“Keep all my decrees and laws and follow them, so that the land where I am bringing you to live may not vomit you out.” (Lev. 20:22)

Sunday, 25 October 2009

The Bible and the Postmodern Imagination

Having read Brueggemann's book recently - Texts Under Negotiation: The Bible and the Postmodern Imagination - I just want to say that I think it is outstanding. Brueggemann is a brilliant writer and thinker and I think in this book he hits the nail on the head in terms of the direction the church should take and the role of the Bible in the postmodern world. What I like about it is:

  • He understands the power of the 'story' (or 'propaganda', depending which word you want to use). Advertisers wouldn't spend so much on telling us their story if it didn't matter.

  • He understands the key role of the Bible in countering that story. If a biblical counter-imagination is not employed, "the Christian congregation will rely on the dominant infrastructure of consumerism." For me, this is why the Bible really matters - the insfrustructure of consumerism is debilitating and dehumanising.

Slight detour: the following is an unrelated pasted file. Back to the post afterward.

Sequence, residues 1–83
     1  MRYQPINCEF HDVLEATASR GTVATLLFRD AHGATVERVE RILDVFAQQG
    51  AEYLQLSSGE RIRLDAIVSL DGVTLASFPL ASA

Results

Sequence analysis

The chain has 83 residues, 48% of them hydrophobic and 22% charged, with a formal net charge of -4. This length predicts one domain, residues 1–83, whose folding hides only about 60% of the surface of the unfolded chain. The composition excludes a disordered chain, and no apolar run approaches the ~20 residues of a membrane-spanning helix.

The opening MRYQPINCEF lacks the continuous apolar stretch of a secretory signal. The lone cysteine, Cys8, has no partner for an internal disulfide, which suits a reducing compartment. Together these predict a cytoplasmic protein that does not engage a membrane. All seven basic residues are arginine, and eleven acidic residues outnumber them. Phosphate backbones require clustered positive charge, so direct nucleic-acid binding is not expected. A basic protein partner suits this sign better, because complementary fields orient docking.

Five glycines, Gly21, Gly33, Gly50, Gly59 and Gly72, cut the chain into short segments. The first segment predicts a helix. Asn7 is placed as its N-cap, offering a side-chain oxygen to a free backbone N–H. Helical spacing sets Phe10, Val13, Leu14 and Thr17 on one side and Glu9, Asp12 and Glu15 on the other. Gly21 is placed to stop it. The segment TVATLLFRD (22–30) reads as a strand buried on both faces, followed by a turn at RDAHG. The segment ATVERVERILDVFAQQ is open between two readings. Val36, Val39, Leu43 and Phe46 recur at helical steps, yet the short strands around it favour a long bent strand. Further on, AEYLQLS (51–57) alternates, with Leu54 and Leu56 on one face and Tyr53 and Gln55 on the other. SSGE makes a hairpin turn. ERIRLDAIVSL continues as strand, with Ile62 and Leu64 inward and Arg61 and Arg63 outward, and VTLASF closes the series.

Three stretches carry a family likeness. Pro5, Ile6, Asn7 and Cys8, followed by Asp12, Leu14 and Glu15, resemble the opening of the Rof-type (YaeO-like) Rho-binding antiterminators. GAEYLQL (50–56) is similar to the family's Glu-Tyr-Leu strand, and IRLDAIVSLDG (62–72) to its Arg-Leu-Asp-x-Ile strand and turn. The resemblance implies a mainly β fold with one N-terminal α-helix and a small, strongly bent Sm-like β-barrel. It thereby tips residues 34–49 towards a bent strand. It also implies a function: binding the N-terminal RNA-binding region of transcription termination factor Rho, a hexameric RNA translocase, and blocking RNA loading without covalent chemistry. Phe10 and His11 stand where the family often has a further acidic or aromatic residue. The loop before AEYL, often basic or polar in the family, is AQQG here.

• He makes the Bible utterly relevant to our age, without being under the thumb of postmodern preoccupations.

  • He demonstrates brilliantly the signifance of the Bible as story, rather than a set of propositions.
  • It is hopeful, yet academically rigerous. So often academia can lead to cynicism and can get caught up in concerns about modernist truth claims. Somehow he remains utterly postmodern, academic, yet faithful and hopeful.

Nothing I have read in ages has inspired me so much. Read it and enjoy.

Friday, 23 October 2009

Sheffield hosts CAP conference

Redefining prosperity
St Mary's Community Centre, Sheffield

Saturday 14 November 2009, 11am – 4pm
with...Anne Pettifor Leader of Jubilee 2000, author of The Real World Economic Outlook (2003) and The Coming First World Debt Crisis (2006)
Cathy McCormack, Grassroots activist & author of The Wee Yellow Butterfly
Professor Tim Jackson, Sustainable Development Commissioner, author of Prosperity without growth?

An opportunity to think theologically about economics!